Emmi's Story

21 Jun 2023
Over half of all women who had a stillbirth noticed that their baby’s movements had slowed down or stopped, so we know that it is an important indicator. But any change to what is usual for your baby should be noted and this can be an increase or decrease in movement.  If you feel any change to your baby’s movements, contact your maternity care professional immediately. This is Emmi’s Story.

After a journey through infertility my husband Steven and I were blessed to fall pregnant.  At about 8 weeks, we had our first scan.   I’ll never forget as the fertility specialist turned around and said “this is your baby!” We were absolutely over the moon.

Due to a pre-existing mental health condition that needed to be monitored, I was linked in with a family care midwife at our local public hospital.  My midwife Lisa guided me throughout our entire pregnancy and hospital care.  I will always be grateful for the support I received from her – I couldn’t fault her. 

During one of our appointments Lisa asked if I had been feeling any movements, to which I replied I’d been noticing some kicks.  Lisa explained the importance of tracking my baby’s movements.

Her exact words were “Once you have established a pattern of bub’s movement that is consistent, please take note to any changes such as decreased, increased or irregular patterns of movement. I’m not trying to scare or upset you, but I like all my patients to know that if any of this occurs you need to present to the maternity assessment day ward (MADU) as soon as possible.”  She gave me a pamphlet (Monitor movements) from Red Nose Australia regarding decreased movements and the importance of side sleeping.  These were things as a first-time mum, I hadn’t thought about previously.  It was this information from Lisa and Red Nose that saved mine, and my baby’s life.

At 36.5 weeks, I had noticed some changes in my baby’s movements.  I said to my husband “I’m sure everything's ok” but Lisa’s words rang out in my head, so we went to the MADU to get checked out as a precaution.  As I sat in the waiting room, I saw posters about changes in movement and I knew I was in the best place.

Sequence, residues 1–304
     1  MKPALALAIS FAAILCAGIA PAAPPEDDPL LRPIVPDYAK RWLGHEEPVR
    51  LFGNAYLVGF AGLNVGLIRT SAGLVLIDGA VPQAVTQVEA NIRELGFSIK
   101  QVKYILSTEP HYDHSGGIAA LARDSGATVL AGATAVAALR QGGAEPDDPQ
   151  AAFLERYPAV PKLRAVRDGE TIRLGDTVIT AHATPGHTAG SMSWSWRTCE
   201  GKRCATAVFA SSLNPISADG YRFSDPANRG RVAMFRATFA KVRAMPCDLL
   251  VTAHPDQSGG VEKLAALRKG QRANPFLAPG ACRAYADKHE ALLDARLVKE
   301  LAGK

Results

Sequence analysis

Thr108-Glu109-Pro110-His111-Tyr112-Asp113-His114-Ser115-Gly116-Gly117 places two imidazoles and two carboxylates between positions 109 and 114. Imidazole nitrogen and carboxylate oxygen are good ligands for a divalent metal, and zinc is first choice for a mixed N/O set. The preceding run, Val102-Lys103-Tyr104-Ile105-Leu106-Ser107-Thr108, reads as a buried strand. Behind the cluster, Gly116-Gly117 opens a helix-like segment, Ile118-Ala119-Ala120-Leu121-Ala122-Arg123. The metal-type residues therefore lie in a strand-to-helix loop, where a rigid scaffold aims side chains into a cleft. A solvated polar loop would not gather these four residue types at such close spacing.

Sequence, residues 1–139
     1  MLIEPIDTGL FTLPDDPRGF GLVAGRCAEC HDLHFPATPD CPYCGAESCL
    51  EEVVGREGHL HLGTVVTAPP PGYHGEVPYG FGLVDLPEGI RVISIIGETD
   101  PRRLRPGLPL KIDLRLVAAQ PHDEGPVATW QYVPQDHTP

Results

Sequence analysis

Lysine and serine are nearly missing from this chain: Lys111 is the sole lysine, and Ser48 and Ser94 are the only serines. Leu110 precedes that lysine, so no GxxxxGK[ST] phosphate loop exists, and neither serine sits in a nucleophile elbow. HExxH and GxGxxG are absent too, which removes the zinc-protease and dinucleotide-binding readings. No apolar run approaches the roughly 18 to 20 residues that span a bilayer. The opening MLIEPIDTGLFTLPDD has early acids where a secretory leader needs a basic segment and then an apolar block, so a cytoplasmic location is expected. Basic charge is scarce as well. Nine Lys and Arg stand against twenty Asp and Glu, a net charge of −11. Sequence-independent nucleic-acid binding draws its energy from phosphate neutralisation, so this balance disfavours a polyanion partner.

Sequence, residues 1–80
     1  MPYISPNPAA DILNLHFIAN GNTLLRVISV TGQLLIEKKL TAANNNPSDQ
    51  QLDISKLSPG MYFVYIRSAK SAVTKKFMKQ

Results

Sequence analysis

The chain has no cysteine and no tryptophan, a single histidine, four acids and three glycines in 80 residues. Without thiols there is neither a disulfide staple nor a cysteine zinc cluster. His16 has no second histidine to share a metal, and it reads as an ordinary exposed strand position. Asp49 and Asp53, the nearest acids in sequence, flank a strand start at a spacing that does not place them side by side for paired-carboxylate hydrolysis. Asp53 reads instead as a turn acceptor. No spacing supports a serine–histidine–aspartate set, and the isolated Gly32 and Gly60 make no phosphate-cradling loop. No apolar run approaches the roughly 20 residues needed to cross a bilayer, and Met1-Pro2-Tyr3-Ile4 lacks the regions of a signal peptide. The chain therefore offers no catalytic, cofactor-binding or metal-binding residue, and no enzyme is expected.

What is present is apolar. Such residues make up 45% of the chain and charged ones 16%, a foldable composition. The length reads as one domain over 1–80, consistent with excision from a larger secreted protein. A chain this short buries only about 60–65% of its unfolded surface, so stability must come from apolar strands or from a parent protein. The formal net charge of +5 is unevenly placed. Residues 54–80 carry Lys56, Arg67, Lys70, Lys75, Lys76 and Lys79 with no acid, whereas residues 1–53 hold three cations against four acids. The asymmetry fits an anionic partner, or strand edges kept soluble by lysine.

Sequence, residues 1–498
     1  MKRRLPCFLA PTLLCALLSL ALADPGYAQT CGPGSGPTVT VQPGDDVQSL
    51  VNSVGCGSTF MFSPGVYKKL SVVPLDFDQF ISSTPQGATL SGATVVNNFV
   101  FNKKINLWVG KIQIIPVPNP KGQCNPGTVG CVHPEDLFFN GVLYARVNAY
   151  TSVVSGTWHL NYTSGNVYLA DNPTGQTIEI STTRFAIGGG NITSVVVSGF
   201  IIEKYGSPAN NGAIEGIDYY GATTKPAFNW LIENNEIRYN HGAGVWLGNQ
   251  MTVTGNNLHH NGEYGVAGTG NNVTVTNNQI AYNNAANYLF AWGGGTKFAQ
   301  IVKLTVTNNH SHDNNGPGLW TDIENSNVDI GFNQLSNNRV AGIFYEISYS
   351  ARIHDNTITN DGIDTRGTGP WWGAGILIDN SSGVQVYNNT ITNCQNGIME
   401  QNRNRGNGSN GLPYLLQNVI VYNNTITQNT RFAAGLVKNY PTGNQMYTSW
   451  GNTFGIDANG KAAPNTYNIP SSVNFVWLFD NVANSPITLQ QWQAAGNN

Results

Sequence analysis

I was checked over by a lovely midwife who said my baby was alive and moving but my blood pressure was extremely high, and they were going to do some tests. I was taken to another room and a doctor came in soon after saying “What do you know about Pre-eclampsia?”

I said, “oh I think you just have to stay in bed and rest,” to which he replied “oh no - you’re going to be having your baby very soon”.

I was set up with monitors, recording every time I felt a movement by pressing a button.

Two days later, at 2.25am on the 6th of June 2021 I gave birth to a beautiful baby girl whom my husband and I named Anna Susan.

Anna Susan is now a bright and happy 2-year-old, and I thank my lucky stars we have her. I hate to think about what would have transpired if I didn’t have that lifesaving information regarding decreased movements.

Access to accurate education is so important throughout pregnancy and it can feel overwhelming, particularly as a first-time parent. I would urge every expectant parent to seek information and be informed on the brilliant resources supplied by Red Nose.

My heart absolutely breaks for any parent that has lost a child at any stage of their lives. It would be so great to see all Australians get behind this amazing cause that is Red Nose Day, so Red Nose can continue to deliver information to new and expecting parents - It could save a baby’s life. 

The free Red Nose Support Line is available 24/7: 1300 308 307.

Red Nose Day aims to raise $1 million this year, to help save little lives and support grieving families. To register or donate visit rednoseday.org.au

Photo by Amanda Bradley from SMIK PIX

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